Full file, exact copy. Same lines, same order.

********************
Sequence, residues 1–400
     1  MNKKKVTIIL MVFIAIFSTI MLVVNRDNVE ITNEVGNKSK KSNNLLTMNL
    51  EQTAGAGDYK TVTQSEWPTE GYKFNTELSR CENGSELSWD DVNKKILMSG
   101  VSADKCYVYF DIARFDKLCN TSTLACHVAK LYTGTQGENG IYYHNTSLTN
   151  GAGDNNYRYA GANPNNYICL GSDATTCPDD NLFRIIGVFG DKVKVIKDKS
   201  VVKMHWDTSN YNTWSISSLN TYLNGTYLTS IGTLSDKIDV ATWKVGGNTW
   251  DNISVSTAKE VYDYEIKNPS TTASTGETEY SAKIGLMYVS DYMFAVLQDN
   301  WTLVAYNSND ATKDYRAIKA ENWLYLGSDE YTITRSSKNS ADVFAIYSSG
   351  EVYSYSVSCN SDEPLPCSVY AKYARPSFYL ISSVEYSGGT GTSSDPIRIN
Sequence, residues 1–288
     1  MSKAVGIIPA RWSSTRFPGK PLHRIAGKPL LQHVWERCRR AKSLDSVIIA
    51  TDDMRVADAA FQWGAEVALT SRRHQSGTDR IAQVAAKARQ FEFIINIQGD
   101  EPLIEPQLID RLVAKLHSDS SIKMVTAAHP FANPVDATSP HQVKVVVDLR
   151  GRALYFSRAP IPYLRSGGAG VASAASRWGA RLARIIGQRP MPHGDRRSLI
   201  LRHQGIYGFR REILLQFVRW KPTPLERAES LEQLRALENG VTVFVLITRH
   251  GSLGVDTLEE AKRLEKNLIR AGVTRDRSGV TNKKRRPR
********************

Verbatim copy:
Sequence, residues 1–400
     1  MNKKKVTIIL MVFIAIFSTI MLVVNRDNVE ITNEVGNKSK KSNNLLTMNL
    51  EQTAGAGDYK TVTQSEWPTE GYKFNTELSR CENGSELSWD DVNKKILMSG
   101  VSADKCYVYF DIARFDKLCN TSTLACHVAK LYTGTQGENG IYYHNTSLTN
   151  GAGDNNYRYA GANPNNYICL GSDATTCPDD NLFRIIGVFG DKVKVIKDKS
   201  VVKMHWDTSN YNTWSISSLN TYLNGTYLTS IGTLSDKIDV ATWKVGGNTW
   251  DNISVSTAKE VYDYEIKNPS TTASTGETEY SAKIGLMYVS DYMFAVLQDN
   301  WTLVAYNSND ATKDYRAIKA ENWLYLGSDE YTITRSSKNS ADVFAIYSSG
   351  EVYSYSVSCN SDEPLPCSVY AKYARPSFYL ISSVEYSGGT GTSSDPIRIN
Sequence, residues 1–288
     1  MSKAVGIIPA RWSSTRFPGK PLHRIAGKPL LQHVWERCRR AKSLDSVIIA
    51  TDDMRVADAA FQWGAEVALT SRRHQSGTDR IAQVAAKARQ FEFIINIQGD
   101  EPLIEPQLID RLVAKLHSDS SIKMVTAAHP FANPVDATSP HQVKVVVDLR
   151  GRALYFSRAP IPYLRSGGAG VASAASRWGA RLARIIGQRP MPHGDRRSLI
   201  LRHQGIYGFR REILLQFVRW KPTPLERAES LEQLRALENG VTVFVLITRH
   251  GSLGVDTLEE AKRLEKNLIR AGVTRDRSGV TNKKRRPR